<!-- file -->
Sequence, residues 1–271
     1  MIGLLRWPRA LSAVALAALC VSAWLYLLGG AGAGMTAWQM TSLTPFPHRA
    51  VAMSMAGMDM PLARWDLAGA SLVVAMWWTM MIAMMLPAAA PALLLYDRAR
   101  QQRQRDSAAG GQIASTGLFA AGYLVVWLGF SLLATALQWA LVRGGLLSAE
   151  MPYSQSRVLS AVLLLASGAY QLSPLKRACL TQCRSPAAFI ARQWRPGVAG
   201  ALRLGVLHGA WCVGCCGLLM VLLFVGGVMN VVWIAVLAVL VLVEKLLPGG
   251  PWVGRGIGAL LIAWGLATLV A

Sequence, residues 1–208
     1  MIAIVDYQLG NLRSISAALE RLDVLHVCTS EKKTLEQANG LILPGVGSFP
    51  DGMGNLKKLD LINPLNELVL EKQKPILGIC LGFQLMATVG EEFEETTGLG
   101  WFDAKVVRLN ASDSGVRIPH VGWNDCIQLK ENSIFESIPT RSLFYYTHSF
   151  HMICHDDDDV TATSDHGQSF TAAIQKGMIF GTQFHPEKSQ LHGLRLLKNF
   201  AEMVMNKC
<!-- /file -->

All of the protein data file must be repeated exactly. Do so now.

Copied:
Sequence, residues 1–271
     1  MIGLLRWPRA LSAVALAALC VSAWLYLLGG AGAGMTAWQM TSLTPFPHRA
    51  VAMSMAGMDM PLARWDLAGA SLVVAMWWTM MIAMMLPAAA PALLLYDRAR
   101  QQRQRDSAAG GQIASTGLFA AGYLVVWLGF SLLATALQWA LVRGGLLSAE
   151  MPYSQSRVLS AVLLLASGAY QLSPLKRACL TQCRSPAAFI ARQWRPGVAG
   201  ALRLGVLHGA WCVGCCGLLM VLLFVGGVMN VVWIAVLAVL VLVEKLLPGG
   251  PWVGRGIGAL LIAWGLATLV A

Sequence, residues 1–208
     1  MIAIVDYQLG NLRSISAALE RLDVLHVCTS EKKTLEQANG LILPGVGSFP
    51  DGMGNLKKLD LINPLNELVL EKQKPILGIC LGFQLMATVG EEFEETTGLG
   101  WFDAKVVRLN ASDSGVRIPH VGWNDCIQLK ENSIFESIPT RSLFYYTHSF
   151  HMICHDDDDV TATSDHGQSF TAAIQKGMIF GTQFHPEKSQ LHGLRLLKNF
   201  AEMVMNKC